Looking at a four-year window from 2016 through 2019 shows a summer slumber that might be considered surprising given last year’s success and the potential for this year’s team. Comparing June 1-August 4 each year shows that this has been the slowest summer on the football message board in that time frame. That includes the summer months of 2017 that followed the rough 2-10 debut in 2016 for coach Bronco Mendenhall. The football board traffic for that time period is down 26.7% in 2019 when compared to 2018.

For just the first five days of August, the start to this month produced the second fewest page views from the four-year window. Only August 1-5 in 2017 was slower. It’s actually on pace to be the slowest August overall from the four-year window, but each year the board traffic increases as kickoff gets closer so that’s unlikely to happen. Still, the football board traffic over the first five days of August is down 9.5% from 2018 to 2019 (that’s better than the full summer trend). At least one message board thread speculated about slower ticket sales as well.

So what gives?

There can be a variety of theories. More fans use phones and tablets to view the site for example, which cuts down on some page views. Let’s be honest, though, some of it (OK, a whole lot of it) could be the Virginia Tech thing. The Hokies have a 15-year winning streak going. That’s annoying and likely a barrier to some fans reinvesting interests in full again. Perhaps, some fans remain in show me mode about the progress overall (maybe even because of that streak?). The bowl win was nice, but Coastal Division contender … ; some fans remember the false starts of rebuilding efforts that failed and it could be the proverbial once bitten, twice shy deal.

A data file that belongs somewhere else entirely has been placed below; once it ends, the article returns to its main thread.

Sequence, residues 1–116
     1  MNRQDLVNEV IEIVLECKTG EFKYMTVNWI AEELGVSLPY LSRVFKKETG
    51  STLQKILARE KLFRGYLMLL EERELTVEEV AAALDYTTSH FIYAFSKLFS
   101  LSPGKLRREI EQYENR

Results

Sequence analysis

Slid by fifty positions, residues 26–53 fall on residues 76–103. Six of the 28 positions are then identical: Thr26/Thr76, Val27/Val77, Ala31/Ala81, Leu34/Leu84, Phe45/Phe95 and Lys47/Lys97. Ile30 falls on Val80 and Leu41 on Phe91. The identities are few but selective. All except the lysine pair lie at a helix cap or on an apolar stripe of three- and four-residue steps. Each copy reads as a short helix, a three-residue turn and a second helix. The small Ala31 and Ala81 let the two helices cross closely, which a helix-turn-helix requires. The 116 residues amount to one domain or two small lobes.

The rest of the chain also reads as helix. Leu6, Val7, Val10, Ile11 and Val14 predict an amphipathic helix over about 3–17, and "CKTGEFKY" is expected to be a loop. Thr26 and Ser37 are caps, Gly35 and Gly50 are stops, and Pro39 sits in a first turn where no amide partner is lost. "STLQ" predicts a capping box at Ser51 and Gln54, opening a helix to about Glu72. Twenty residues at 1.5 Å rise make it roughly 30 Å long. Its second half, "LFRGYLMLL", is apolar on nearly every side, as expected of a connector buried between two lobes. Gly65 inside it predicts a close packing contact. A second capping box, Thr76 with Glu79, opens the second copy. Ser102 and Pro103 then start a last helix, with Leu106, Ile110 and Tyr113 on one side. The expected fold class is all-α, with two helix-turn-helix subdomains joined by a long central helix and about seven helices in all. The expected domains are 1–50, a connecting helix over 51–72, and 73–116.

The schedule intrigue might not be as powerful at a glance (and a glance might be what many fans are giving football even now). Pittsburgh doesn’t move the needle as an ACC opponent because the Panthers still feel like an old Big East club. Plus, they’ve had three losing records since 2012, though two of those were 6-6 regular season records before bowl losses. FSU isn’t where it once was either, at least not as interest goes. After ending the year ranked with 10 wins in 2016, the Seminoles went 7-6 and 5-7 the past two years.

Notre Dame still draws a lot of interest, but the other two games in the first five weeks are against in-state foes William & Mary and Old Dominion. Despite the W&M game marking Mike London’s return and ODU’s upset of VT last season, those two games are not headliners. So maybe the schedule doesn’t interest some fans.

There’s certainly the basketball factor. With UVA winning its first basketball National Championship in April, fans remain fixated on the title run and everything that surrounds the program. People are rewatching NCAA Tournament games over and over. They’ve dissected Kyle Guy’s NBA Summer League games. Speculation on the roster and recruiting are always going.